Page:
Microsoft Corporation (/ˈmaɪkrəˌsɒft/, abbreviated as MS) is an American multinational technology company headquartered in Redmond, Washington. It develops, manufactures, licenses, supports and sells computer software, consumer electronics, personal computers, and services. Its best known software products are the Microsoft Windows line of operating systems, the Microsoft Office suite, and the Internet Explorer and Edge web browsers. Its flagship hardware products are the Xbox video game consoles and the Microsoft Surface tablet lineup. As of 2016, it is the world's largest software maker by revenue, and one of the world's most valuable companies.
Microsoft was founded by Paul Allen and Bill Gates on April 4, 1975, to develop and sell BASIC interpreters for the Altair 8800. It rose to dominate the personal computer operating system market with MS-DOS in the mid-1980s, followed by Microsoft Windows. The company's 1986 initial public offering (IPO), and subsequent rise in its share price, created three billionaires and an estimated 12,000 millionaires among Microsoft employees. Since the 1990s, it has increasingly diversified from the operating system market and has made a number of corporate acquisitions. In May 2011, Microsoft acquired Skype Technologies for $8.5 billion, and in December 2016 bought LinkedIn for $26.2 billion.
As of 2015, Microsoft is market-dominant in the IBM PC-compatible operating system market and the office software suite market, although it has lost the majority of the overall operating system market to Android. The company also produces a wide range of other software for desktops and servers, and is active in areas including Internet search (with Bing), the video game industry (with the Xbox series of consoles, and games such as Minecraft), the digital services market (through MSN), and mobile phones (primarily through the Windows Phone OS). In June 2012, Microsoft entered the personal computer production market for the first time, with the launch of the Microsoft Surface, a line of tablet computers. Forming Microsoft Mobile through the acquisition of Nokia's devices and services division, the company re-entered the smartphone hardware market. Its previous attempt, Microsoft Kin, which resulted from their acquisition of Danger Inc., had failed commercially.
1972–1985: The founding of Microsoft
Paul Allen and Bill Gates pose for the camera on October 19, 1981, in a sea of PCs after signing a pivotal contract with IBM.
Childhood friends Paul Allen and Bill Gates sought to make a successful business utilizing their shared skills in computer programming. In 1972 they founded their first company, named Traf-O-Data, which sold a rudimentary computer to track and analyze automobile traffic data. While Gates enrolled at Harvard, Allen pursued a degree in computer science at Washington State University, though he later dropped out of school to work at Honeywell. The January 1975 issue of Popular Electronics featured Micro Instrumentation and Telemetry Systems's (MITS) Altair 8800 microcomputer, which inspired Allen to suggest that they could program a BASIC interpreter for the device. After a call from Gates claiming to have a working interpreter, MITS requested a demonstration. Since they didn't yet have one, Allen worked on a simulator for the Altair while Gates developed the interpreter. Although they developed the interpreter on a simulator and not the actual device, it worked flawlessly when they (in March 1975) demonstrated the interpreter to MITS in Albuquerque, New Mexico. MITS agreed to distribute it, marketing it as Altair BASIC.:108, 112–114 Gates and Allen officially established Microsoft on April 4, 1975, with Gates as the CEO. The original name of "Micro-Soft" was suggested by Allen. In August 1977 the company formed an agreement with ASCII Magazine in Japan, resulting in its first international office, "ASCII Microsoft". Microsoft moved to a new home in Bellevue, Washington in January 1979.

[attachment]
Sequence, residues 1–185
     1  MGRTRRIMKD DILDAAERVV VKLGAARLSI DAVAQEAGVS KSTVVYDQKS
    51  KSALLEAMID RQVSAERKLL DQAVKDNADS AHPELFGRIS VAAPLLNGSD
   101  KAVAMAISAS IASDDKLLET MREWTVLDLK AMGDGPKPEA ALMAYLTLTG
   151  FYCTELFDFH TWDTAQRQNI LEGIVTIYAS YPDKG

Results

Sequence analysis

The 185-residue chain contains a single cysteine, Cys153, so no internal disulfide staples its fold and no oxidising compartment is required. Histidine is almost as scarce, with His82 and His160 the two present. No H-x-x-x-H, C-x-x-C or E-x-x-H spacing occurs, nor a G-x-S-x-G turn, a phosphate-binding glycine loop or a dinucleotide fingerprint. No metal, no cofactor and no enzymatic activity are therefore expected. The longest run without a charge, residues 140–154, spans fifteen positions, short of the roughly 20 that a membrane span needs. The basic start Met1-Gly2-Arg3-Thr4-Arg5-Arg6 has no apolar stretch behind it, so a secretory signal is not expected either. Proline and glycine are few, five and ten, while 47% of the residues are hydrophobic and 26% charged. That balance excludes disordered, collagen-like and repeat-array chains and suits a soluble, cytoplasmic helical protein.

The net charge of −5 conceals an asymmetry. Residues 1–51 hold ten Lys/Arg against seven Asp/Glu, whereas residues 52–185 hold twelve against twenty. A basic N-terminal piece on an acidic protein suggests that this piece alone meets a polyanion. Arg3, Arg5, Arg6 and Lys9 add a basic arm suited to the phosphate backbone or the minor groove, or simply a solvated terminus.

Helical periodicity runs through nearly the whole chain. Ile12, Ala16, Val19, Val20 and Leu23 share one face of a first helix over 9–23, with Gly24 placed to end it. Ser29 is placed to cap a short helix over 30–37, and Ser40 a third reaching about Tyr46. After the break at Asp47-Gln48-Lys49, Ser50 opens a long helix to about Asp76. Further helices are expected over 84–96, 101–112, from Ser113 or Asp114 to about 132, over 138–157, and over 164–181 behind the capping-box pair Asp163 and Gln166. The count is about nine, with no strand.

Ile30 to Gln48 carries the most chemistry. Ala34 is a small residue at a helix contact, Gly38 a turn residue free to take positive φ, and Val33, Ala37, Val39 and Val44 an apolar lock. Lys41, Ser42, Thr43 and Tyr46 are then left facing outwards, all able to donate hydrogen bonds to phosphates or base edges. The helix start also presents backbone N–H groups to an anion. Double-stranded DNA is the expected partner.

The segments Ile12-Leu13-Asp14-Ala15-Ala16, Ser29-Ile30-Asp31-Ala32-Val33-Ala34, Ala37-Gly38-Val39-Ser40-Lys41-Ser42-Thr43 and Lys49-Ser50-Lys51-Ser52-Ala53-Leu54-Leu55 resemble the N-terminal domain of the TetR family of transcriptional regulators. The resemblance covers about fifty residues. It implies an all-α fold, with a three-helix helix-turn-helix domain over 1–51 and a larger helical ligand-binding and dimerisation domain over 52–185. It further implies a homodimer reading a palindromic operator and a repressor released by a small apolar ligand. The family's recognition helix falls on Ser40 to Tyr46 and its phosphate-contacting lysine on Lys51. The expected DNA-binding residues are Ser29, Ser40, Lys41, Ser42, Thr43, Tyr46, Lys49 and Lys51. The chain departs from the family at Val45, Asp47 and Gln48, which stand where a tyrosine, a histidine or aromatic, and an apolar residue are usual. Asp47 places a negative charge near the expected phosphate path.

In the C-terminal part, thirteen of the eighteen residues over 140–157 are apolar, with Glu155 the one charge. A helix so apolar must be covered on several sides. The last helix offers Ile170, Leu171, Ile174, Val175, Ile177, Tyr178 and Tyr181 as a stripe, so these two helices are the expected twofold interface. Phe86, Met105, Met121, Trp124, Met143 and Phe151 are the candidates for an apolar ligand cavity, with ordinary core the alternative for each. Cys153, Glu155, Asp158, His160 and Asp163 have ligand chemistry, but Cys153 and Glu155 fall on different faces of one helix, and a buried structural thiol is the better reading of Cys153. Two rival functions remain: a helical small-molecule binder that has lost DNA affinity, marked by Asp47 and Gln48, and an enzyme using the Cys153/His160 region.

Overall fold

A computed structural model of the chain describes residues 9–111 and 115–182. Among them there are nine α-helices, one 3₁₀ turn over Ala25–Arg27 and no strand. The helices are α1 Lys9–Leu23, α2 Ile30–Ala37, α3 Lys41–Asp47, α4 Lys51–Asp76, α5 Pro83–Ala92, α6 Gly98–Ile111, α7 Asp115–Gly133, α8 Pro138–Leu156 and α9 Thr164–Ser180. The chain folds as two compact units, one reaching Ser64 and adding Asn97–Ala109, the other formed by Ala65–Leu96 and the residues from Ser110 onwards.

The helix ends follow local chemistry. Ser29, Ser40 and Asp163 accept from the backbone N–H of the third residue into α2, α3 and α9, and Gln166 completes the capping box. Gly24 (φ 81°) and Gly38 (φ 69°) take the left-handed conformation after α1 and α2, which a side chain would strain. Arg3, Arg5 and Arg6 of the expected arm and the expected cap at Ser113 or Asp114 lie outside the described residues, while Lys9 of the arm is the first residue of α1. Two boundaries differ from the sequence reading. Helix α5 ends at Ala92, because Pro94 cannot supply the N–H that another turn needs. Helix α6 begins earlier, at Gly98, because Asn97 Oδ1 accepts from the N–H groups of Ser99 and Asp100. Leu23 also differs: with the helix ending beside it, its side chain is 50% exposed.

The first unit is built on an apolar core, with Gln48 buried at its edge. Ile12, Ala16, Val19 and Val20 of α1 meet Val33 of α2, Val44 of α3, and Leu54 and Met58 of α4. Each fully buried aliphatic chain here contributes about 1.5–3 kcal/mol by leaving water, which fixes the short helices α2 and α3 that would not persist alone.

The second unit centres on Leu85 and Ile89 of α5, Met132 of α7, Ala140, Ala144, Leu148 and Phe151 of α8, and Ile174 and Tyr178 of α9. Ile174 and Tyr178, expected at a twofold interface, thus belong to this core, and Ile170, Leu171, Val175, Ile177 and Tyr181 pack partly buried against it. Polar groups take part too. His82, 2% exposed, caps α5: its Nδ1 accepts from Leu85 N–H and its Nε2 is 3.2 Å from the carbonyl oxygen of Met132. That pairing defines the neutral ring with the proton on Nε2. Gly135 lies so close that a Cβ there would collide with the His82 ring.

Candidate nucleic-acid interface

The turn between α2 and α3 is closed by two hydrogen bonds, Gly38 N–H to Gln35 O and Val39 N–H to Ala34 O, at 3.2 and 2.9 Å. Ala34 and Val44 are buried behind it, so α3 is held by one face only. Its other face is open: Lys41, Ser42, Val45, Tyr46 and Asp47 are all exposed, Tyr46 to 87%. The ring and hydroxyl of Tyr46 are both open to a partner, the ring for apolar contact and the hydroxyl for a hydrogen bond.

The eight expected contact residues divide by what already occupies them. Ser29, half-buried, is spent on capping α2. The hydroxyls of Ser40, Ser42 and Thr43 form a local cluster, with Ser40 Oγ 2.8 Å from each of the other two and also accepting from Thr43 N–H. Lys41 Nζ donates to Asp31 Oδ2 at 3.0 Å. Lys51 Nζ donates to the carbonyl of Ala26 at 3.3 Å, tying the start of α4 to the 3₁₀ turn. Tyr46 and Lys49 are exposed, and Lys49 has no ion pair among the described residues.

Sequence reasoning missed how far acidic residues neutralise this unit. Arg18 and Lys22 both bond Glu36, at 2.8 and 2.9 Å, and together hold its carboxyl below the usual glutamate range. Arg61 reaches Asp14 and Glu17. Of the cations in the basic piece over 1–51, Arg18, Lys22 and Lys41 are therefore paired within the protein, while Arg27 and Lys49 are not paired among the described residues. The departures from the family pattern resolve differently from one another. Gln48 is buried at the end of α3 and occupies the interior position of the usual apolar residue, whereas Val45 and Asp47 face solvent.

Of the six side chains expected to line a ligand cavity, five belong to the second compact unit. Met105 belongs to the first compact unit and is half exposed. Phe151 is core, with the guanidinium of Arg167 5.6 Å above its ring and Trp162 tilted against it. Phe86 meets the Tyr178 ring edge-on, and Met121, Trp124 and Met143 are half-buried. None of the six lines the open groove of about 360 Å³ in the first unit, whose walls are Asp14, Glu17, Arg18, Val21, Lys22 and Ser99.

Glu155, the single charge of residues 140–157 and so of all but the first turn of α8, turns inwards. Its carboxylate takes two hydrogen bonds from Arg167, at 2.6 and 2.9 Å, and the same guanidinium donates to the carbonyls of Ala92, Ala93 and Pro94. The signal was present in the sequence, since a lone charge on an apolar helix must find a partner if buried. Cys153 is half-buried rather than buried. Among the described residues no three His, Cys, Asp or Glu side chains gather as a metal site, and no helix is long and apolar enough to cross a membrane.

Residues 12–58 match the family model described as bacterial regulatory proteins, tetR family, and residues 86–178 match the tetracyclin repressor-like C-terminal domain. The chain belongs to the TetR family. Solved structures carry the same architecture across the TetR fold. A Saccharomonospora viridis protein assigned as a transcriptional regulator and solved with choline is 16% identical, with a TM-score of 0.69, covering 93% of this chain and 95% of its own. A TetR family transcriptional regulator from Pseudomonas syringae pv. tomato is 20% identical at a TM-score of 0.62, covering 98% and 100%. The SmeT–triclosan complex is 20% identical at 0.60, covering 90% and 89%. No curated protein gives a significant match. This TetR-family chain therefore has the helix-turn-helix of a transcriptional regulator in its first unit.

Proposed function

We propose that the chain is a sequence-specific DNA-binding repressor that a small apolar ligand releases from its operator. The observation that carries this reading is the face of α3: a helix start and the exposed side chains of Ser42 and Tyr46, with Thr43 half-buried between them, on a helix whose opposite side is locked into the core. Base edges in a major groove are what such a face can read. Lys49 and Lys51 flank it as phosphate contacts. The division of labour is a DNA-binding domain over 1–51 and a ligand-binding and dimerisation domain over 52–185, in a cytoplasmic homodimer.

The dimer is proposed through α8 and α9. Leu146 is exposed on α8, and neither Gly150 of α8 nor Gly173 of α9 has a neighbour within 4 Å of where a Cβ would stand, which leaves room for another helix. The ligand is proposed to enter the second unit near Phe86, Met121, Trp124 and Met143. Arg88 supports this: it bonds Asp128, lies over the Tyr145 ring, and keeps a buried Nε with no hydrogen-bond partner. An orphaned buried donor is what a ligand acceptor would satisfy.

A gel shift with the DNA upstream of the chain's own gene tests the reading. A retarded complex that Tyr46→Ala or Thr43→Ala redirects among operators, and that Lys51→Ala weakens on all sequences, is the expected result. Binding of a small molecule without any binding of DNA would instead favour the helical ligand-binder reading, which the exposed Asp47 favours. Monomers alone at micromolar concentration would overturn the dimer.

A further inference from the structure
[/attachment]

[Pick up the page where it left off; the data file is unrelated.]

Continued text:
Microsoft entered the OS business in 1980 with its own version of Unix, called Xenix. However, it was MS-DOS that solidified the company's dominance. After negotiations with Digital Research failed, IBM awarded a contract to Microsoft in November 1980 to provide a version of the CP/M OS, which was set to be used in the upcoming IBM Personal Computer (IBM PC). For this deal, Microsoft purchased a CP/M clone called 86-DOS from Seattle Computer Products, which it branded as MS-DOS, though IBM rebranded it to PC DOS. Following the release of the IBM PC in August 1981, Microsoft retained ownership of MS-DOS. Since IBM had copyrighted the IBM PC BIOS, other companies had to reverse engineer it in order for non-IBM hardware to run as IBM PC compatibles, but no such restriction applied to the operating systems. Due to various factors, such as MS-DOS's available software selection, Microsoft eventually became the leading PC operating systems vendor. The company expanded into new markets with the release of the Microsoft Mouse in 1983, as well as with a publishing division named Microsoft Press Allen resigned from Microsoft in 1983 after developing Hodgkin's disease.
1985–1994: Windows and Office